Unlike the early stages example when you check/folded AK when the flop came bad, let’s say you have the same hand AK.
You put in a 2x the big blind raise, and the big blind calls.
The flop is 729, and the big blind checks.
It is extremely likely he has a big unpaired hand like QJ.

Having the blinds constantly growing and you need to build your stack, you can no longer play so conservative and you must take risks.
In this situation you should make a pot size bet, and if it is called check/fold the rest of the hand unless you improve.

As discussed earlier also, it is very important to learn how to play against players with small, middle, or large chip stacks.
Hands should be consistently being played differently depending on who you are in the hand with.
You should definitely not try to bluff short stacks and large stacks, as both will likely call.

Slow playing can be used to earn you many chips if executed right.
I am going to use an AK example again.
Let’s say you have AK in the big blind, and the small blind (they are a short stack) raises you.
In this situation you can try just calling.
Reraising here might scare him off if he has still a good amount of chips left, but if you just call he is more than likely to go all in on the flop even if he does not hit a thing!

Remember, during the middle stages do not be afraid to go all in preflop with an exceptional hand.
If you hold pocket Jacks or Queens in the big blind, and an aggressive player with a middle stack chip amount raises you from the small blind, it is correct to go all in here.
If you just call and you see a horrible flop with aces or kings, you just put yourself in a hard position.
Since the other player is extremely aggressive it is likely they are trying to steal blinds and will fold to your reraise.

In the middle stages please remember this is the time to start building a chip stack.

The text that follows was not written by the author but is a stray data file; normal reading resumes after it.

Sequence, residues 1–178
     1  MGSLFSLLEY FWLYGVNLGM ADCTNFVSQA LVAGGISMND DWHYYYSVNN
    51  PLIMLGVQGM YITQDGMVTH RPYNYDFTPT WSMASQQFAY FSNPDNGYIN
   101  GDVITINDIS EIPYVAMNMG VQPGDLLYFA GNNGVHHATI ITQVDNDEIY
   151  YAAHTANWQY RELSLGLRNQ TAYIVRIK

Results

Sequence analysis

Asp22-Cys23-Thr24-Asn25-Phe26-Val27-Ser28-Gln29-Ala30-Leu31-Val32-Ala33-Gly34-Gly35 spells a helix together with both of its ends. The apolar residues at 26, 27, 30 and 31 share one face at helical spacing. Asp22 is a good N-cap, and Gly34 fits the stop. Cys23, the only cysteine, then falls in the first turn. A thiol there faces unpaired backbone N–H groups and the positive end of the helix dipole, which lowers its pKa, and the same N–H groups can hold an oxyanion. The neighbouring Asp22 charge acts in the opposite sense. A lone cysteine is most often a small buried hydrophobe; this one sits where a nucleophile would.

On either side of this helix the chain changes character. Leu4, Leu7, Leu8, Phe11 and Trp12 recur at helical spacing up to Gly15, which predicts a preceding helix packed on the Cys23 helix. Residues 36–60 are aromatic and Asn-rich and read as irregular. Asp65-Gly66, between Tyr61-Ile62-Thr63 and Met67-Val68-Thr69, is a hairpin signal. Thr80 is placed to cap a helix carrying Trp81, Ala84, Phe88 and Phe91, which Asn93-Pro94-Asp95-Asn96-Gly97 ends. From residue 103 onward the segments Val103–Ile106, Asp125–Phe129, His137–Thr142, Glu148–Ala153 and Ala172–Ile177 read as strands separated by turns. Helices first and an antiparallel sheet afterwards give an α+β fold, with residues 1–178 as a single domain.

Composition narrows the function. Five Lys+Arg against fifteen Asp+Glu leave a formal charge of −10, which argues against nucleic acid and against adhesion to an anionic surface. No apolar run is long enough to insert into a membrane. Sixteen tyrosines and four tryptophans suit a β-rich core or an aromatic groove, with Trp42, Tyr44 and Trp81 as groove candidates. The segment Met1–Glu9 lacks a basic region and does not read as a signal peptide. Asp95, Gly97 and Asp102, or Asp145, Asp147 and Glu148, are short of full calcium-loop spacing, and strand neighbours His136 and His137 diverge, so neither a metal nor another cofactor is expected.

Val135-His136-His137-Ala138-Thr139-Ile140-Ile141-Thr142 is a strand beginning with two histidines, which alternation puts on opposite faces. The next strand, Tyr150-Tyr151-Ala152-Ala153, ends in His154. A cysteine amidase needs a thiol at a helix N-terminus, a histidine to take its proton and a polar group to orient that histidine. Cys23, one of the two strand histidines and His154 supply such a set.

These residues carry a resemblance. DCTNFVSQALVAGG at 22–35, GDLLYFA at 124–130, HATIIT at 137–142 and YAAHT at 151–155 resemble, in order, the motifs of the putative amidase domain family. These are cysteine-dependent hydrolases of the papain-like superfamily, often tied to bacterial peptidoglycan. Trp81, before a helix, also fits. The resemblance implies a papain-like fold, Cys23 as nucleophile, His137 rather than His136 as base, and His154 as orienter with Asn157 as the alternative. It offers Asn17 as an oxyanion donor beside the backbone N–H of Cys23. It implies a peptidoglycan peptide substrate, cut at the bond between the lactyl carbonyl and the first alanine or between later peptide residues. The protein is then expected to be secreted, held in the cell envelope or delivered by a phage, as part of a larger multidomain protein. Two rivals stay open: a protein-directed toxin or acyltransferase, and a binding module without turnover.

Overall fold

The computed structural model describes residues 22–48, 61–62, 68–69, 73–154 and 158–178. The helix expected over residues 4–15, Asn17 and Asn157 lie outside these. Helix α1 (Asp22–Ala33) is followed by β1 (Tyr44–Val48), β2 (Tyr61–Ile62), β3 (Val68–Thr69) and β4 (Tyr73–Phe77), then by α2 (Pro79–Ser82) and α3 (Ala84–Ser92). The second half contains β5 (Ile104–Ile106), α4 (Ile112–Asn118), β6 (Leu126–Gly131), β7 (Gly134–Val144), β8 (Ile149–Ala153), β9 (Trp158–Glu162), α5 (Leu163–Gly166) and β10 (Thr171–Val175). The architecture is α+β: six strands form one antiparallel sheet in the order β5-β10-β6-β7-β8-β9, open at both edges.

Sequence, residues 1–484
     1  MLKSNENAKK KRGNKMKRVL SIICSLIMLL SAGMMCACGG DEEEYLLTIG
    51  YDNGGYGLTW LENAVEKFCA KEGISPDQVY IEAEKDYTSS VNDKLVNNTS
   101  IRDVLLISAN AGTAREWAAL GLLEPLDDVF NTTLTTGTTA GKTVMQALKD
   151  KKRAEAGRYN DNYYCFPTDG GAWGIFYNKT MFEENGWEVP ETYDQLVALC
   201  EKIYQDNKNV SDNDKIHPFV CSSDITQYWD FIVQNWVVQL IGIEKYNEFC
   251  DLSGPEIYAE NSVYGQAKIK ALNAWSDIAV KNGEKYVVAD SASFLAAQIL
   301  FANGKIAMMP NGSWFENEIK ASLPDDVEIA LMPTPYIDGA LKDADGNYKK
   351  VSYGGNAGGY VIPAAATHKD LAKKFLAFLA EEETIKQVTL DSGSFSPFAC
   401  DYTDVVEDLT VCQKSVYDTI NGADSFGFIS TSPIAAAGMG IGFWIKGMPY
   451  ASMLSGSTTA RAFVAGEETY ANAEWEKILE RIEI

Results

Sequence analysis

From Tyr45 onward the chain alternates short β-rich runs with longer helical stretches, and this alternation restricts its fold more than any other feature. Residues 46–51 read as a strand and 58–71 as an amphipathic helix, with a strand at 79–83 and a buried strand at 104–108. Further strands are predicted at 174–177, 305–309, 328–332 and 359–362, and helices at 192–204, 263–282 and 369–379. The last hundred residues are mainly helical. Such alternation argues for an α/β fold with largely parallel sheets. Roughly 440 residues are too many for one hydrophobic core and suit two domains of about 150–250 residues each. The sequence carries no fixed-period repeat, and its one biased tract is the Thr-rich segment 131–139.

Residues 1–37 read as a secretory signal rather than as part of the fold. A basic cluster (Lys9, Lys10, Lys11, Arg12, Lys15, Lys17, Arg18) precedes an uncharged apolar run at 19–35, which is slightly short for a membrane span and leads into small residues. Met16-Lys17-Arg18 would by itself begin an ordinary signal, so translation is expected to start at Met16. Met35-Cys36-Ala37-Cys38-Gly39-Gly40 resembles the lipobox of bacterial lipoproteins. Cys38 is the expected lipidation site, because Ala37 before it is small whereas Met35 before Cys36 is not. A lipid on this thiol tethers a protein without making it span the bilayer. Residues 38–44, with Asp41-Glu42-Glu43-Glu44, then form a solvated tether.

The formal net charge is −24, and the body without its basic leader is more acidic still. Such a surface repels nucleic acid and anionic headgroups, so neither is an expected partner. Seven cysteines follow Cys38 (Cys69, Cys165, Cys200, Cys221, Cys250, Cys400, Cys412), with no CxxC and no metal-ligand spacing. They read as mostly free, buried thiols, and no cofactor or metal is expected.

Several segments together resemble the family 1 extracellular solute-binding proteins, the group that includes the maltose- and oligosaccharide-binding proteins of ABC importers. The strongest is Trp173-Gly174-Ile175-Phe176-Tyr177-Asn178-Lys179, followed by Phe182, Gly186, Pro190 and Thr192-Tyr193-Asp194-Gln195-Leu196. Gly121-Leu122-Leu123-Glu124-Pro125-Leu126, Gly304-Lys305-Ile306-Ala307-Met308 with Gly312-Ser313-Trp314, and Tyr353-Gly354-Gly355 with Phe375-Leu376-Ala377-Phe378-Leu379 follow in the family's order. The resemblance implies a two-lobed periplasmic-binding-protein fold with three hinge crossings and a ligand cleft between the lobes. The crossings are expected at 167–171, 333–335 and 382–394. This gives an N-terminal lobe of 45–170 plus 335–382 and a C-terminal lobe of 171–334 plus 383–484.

Blinds are at a reasonable amount, so you can still outplay people without feeling the pressure that you need to make a game changing move soon!
If you can build an average stack, you will be in great shape for the late stages.
Below is the recap of the middle stages.

Mid Levels:

  • Tighten up even more

  • Steal the blinds when you can

  • Position is key

  • Watch your stack size in relation to the button

  • Know when the next blind level is coming

  • Bluffing is now an option

  • Don't go on tilt

Chapter 6: Late Stage Strategies of a Sit&Go

For the late stages of a Sit&Go, I am referring to 5 players or less.
By now blinds will be eating everyone’s chip stack up and putting lots of pressure on all players, but the large stacks.
The fact that it is shorthanded and the blinds are enormous makes you use a new style of play to succeed and win.

When you reach the final 4 players in the Sit&Go, you will see many unique situations.
You must face all these situations and the only way you can get better is to practice.
The first problem is that someone has to get knocked out, in order for YOU to reach the money.
This is referred to as being on the “bubble”.

There is no worse feeling that playing so well in a Sit&Go just to lose in 4th place.
If anything I would rather get knocked out in 9th, then waste my time and get knocked out in 4th.